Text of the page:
The Long Take by Robin Robertson is one of the most beautiful books I’ve ever read.
The Long Take is a novel [mostly] in verse that was shortlisted for the 2018 Booker Prize. It’s phenomenal. It’s a treat. You should read it.
The Long Take is haunting, moving, heart-breaking and painful.
The Long Take is serious, intelligent and deeply evocative.
The Long Take is descriptions of places and people, it is poetry of cities and war, it is prose of memory and memorialising, of trauma and regret, of hope and hopelessness, of inevitability and fear, of mortality and psychology and the many ways irrevocable damage can be wrought on a person.
The Long Take is writing of living in denial of ones own decline, of not noticing how we slip slip slip until we have slipped slipped slipped too far to recover.
The Long Take is of slipping and hoping, of feeling like we are moving forwards but really we are moving back.
Walking with eyes closed in water with an immense undertow:
we feel like we move one way, but we move another:
our legs rise and step one in front of the other
but we still find ourselves dragged deeper,
in defiance of our experience,
we continue to sink even when we believe we swim
if we do not look at our surroundings.
We are not isolated, we are never isolated, and our “progress”, if not considered objectively, can be a falling apart.
A coping mechanism can be deeply disruptive and destructive; something that feels like it moves may not move us, but it may move us in a dangerous misdirection.
There is a poignant moment towards the end of The Long Take where Walker, the protagonist, is drinking heavily in a bar and he notices a drunk, old, weathered man staring at him, unsteadily, looking rough as fuck. Walker realises, too late, that he is looking into a mirror, and the reader too realises that the novel has covered almost two decades of a life, a life cut short of hope and freedom by the ravages of [the second world] war and the lack of support offered, given or received to mitigate the alcoholic (or otherwise) self-destruction self-administered by men of Walker’s experience.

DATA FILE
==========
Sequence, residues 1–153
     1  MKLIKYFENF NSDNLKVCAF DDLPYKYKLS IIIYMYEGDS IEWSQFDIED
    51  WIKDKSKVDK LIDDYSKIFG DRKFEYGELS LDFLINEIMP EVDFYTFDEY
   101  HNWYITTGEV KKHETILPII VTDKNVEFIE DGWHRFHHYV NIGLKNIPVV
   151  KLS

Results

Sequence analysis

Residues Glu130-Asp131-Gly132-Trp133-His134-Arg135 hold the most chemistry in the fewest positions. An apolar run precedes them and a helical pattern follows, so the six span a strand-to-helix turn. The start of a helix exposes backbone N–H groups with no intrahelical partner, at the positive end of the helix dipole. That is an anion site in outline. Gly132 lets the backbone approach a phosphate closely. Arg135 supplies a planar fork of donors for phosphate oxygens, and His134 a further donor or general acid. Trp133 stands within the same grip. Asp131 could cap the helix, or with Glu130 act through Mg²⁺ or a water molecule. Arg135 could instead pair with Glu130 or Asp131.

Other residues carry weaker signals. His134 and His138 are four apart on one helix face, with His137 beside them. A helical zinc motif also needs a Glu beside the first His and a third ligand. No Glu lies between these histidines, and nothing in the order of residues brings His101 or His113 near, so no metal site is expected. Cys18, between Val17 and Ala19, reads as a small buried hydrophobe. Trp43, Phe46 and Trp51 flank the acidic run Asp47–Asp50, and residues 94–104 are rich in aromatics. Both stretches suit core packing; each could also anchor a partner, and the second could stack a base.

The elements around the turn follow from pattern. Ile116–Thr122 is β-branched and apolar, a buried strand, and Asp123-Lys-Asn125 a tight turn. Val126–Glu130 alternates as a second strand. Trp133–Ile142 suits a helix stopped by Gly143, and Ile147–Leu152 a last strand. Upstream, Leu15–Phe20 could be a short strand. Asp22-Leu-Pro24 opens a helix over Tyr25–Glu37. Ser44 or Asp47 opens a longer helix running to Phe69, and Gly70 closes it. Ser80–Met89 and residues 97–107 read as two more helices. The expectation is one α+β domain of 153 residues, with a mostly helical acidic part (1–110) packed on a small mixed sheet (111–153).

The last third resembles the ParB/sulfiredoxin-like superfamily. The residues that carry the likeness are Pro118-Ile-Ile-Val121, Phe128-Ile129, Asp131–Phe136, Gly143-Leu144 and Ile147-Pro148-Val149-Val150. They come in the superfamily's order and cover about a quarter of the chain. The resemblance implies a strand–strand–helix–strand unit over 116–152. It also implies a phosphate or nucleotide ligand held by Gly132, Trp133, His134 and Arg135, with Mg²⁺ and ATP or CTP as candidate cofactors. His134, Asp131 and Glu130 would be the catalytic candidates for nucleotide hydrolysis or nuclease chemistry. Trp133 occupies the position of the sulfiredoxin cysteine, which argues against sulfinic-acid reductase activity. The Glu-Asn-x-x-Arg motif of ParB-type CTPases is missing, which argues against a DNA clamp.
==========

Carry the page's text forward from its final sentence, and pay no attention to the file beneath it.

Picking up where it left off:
In the background is the destruction of Los Angeles as a pedestrian city, the destruction of block after block of residential housing to allow construction of freeway and car park.
The city, American society, responds to war in strange ways: societal paranoia, societal urges towards change and construction, with nothing built for cohesion, for posterity, or for people.
As Walker slowly drinks himself into decline and the other traumatised soldiers he knows drug and fuck and fight themselves, quicker, into decline, the city is destroyed around them. The poor are pushed out, gentrification pushes in.
The McCarthy trials, the black-listing of “Communists” in the film industry happen: Walker, who becomes a journalist, meets and chats to a few directors and screen-writers, and often – on his late-night, solitary walks – will stop and watch the detached narratives he can see as films are made. He cares about cinema, he cares about the city, he cares about other people who are falling through the cracks, too, but who are falling harder and more messily than he is.
Walker’s self-erasure is slow, but it is real: Walker never forgets the war, the horrific violence he saw and the horrific violence he committed. It is all, always, within him.
I think The Long Take might, also, long be within me. It’s a fucking triumph and I heartily recommend it.